Case of the Day: Kuznetsov v. Kuznetsova

The case of the day is Kuznetsov v. Kuznetsova (N.Y. App. Div. 2015). The husband and wife were married in Russia in 1991. In 2003, the husband obtained an ex parte judgment of divorce from a Russian court. In 2007, the husband then sought a divorce, and other relief, in Kings County, New York. The wife sought a declaration that the Russian divorce was valid and that the parties’ 2002 separation agreement was also valid. The husband sought a declaration that both were invalid. The judge ruled in favor of the wife, and the husband appealed.
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Case of the Day: Freedom Watch v. OPEC

The case of the day is Freedom Watch, Inc. v. OPEC (D.D.C. 2015). I’ve written about the case twice before, once in December 2013 and once in September 2014. Here’s the case:

Freedom Watch, a right-wing organization that accuses the “Obama-Clinton regime” of “using the economic crisis as an excuse to turn our nation into a socialist Euro-style welfare state,” sued OPEC on antitrust theories. I am going to go out on a limb here and guess that its claims lacked merit. OPEC moved to dismiss for insufficient service of process. According to OPEC’s motion to dismiss, “Plaintiff’s counsel, Mr. Larry Klayman, personally handed an envelope containing a summons, the complaint and other documents, all in English, to an Austrian police officer (not an employee of OPEC) who was present at the reception desk in the lobby of OPEC’s headquarters in Vienna.” On the other hand, according to the return of service, filed after the motion to dismiss, Courtney Butcher of Beverly Hills, California served the summons at OPEC headquarters on Frederich Luger, “intake officer of OPEC,” who supposedly was designated by law to accept service of process on OPEC.

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Case of the Day: Nanko Shipping v. Alcoa

The case of the day is Nanko Shipping USA v. Alcoa, Inc. (D.D.C. 2015). The Republic of Guinea is a major source of bauxite, the world’s main source of aluminum. In the past 50 years, the Compagnie des Bauxites de Guinee, owned by Guinea and by Halco Mining, Inc., has produced more than 600 tons of bauxite for export. The bauxite has been used to produce 150 million tons of aluminum, worth more than $400 billion. Guinea, which had the right to ship half of the bauxite CBG mined under a contract with Halco, had a contract with Nanko Shipping Guinea, under which Nanko would exercise Guinea’s right to ship the bauxite. Nanko and its parent company, Nanko Shipping USA, as well as its principal, Mori Diane, sued Halco and Alcoa, which it claimed was an alter ego of Halco (and, with Rio Tinto, majority owner of Halco), alleging that Nanko was a third-party beneficiary of the contract and that Halco and Alcoa had refused to allow Nanko to ship the bauxite. Alcoa moved to dismiss for failure to join an indispensable party, namely Guinea.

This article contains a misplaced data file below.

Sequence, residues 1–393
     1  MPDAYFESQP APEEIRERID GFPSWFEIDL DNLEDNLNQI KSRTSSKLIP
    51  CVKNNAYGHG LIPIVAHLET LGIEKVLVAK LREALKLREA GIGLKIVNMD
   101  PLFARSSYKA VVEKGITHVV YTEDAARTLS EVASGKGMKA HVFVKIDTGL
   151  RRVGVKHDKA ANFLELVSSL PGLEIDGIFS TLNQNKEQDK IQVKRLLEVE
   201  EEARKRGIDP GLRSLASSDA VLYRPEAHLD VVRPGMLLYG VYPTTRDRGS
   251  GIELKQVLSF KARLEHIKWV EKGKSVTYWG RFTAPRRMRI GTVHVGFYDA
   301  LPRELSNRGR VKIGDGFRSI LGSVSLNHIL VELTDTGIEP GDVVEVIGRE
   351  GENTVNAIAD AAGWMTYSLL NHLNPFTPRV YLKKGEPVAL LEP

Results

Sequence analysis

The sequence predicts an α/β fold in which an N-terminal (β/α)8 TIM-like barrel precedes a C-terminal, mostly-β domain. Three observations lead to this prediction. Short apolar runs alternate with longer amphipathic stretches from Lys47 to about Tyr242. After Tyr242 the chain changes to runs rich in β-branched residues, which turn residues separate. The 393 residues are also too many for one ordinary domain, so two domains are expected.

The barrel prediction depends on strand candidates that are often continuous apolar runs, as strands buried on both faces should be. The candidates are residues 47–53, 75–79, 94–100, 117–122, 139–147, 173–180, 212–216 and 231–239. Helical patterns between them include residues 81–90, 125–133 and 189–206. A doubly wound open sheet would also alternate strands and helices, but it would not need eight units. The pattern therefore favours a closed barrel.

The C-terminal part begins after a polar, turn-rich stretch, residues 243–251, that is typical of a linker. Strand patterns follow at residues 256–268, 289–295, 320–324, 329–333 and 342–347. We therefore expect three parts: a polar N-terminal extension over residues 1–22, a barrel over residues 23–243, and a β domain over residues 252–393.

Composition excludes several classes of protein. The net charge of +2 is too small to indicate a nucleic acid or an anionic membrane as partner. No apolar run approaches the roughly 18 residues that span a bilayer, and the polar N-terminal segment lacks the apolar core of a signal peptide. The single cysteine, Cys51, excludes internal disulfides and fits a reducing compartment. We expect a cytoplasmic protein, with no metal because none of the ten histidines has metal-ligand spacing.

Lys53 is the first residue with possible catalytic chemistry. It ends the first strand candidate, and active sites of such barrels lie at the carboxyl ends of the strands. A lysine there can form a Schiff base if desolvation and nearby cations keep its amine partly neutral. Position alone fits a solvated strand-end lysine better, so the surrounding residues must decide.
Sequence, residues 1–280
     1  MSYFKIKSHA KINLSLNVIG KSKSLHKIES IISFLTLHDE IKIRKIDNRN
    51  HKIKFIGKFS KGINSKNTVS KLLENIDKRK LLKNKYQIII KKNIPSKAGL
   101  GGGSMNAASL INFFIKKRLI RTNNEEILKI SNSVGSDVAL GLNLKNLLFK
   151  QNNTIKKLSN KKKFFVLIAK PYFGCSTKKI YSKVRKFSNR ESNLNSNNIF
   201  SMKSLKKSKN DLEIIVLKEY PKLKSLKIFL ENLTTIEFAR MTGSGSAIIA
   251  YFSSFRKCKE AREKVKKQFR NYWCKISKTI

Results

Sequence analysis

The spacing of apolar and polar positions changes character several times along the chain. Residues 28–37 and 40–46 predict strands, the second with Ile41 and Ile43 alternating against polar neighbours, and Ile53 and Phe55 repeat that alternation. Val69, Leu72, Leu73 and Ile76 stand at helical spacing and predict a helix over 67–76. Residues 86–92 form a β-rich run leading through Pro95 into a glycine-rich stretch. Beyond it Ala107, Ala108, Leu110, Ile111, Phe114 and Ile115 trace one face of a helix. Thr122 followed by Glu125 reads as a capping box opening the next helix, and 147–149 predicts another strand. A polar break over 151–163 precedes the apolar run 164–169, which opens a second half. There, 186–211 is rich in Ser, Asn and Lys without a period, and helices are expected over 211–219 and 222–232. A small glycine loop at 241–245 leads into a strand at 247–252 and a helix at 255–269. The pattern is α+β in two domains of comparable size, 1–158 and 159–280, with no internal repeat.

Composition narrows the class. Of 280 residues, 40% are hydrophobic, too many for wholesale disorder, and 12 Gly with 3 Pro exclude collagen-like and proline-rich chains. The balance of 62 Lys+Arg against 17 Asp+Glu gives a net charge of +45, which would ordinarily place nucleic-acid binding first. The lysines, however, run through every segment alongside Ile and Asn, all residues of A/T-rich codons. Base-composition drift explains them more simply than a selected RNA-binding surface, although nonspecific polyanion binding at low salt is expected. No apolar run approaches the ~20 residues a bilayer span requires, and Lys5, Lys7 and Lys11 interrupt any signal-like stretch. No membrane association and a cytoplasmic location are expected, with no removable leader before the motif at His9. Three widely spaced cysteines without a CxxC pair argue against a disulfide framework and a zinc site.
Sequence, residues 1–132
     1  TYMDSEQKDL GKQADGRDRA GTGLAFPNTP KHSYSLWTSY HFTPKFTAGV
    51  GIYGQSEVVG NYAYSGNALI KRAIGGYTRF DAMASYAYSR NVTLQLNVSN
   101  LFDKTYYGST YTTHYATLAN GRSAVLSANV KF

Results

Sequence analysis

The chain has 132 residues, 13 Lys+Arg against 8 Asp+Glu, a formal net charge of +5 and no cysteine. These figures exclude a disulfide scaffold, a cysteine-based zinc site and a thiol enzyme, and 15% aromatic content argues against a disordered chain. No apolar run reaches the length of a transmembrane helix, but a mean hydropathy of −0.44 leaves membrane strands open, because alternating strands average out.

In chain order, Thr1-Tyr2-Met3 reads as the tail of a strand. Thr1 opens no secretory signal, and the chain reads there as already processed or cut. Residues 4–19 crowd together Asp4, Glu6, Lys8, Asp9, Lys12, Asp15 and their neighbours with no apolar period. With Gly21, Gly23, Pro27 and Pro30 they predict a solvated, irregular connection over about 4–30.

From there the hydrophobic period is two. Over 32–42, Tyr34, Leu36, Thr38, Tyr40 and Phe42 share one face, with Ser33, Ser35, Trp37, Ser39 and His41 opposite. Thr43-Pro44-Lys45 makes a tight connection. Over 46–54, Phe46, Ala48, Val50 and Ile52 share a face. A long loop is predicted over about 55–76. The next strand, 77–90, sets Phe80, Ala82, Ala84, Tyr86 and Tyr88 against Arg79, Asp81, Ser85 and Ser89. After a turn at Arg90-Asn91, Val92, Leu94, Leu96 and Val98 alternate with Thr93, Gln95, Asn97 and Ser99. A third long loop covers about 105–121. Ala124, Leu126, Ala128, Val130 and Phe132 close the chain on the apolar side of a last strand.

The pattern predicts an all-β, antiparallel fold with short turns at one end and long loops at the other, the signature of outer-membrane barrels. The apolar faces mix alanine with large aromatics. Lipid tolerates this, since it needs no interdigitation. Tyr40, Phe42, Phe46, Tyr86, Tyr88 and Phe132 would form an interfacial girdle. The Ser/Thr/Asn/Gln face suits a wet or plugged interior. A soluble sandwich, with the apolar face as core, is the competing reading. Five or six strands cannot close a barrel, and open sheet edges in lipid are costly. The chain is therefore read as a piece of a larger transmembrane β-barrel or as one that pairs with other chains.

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Case of the Day: Baker & McKenzie v. Frisone

The case of the day is Baker & McKenzie Zurich v. Frisone (N.Y. Sup. Ct. 2015). Baker & McKenzie had represented Anna Frisone, Vincent Savarese, and Rosalie Frisone before the IRS withe regard to “United States tax regularization for the years 2003–2008 and 2002, if required, regarding cash assets held in a Swiss bank in Lugano, Switzerland, which the defendants had failed to report to the Internal Revenue Service for a number of years.” Its claim was for unpaid invoices. It obtained a judgment for CHF 4,305 against Rosalie Frisone and for CHF 32,966 against Anna Frisone and Vincent Savarese, and it sought recognition and enforcement in New York.
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Lago Agrio: New Ted Olson Brief, And The Sharon Stone Case

Chevron’s lawyer, Ted Olson, has now responded to the appellants’ post-argument briefing with a very good letter brief of his own. The brief makes what I think is an appealing point about the BIT arbitration. Donziger now points to the BIT arbitration and the risk that it will yield an inconsistent finding of fact, particularly on the ghostwriting issue. Well, Olson writes, hasn’t Donziger waived or disclaimed any reliance on the arbitral tribunal, and any argument that the courts should defer to it, by his regular attack on the arbitrators and the arbitration? I’m not sure that this is compelling doctrinally, but it has persuasive value, because Donziger’s team has been badmouthing the tribunal and its members for a long time. Olson makes other points about the BIT arbitration that seem stronger. Two proceedings were necessary, he claims, because Ecuador could not have been joined in the RICO litigation on account of its sovereign immunity, and Donziger and the LAPs could not have been joined in the arbitration. That seems basically right to me, though I’m not really sure how far it gets Chevron. The point about the risk of inconsistent decisions doesn’t have much to do with the purity of Chevron’s motives in bringing the multiple claims, as far as I can tell.
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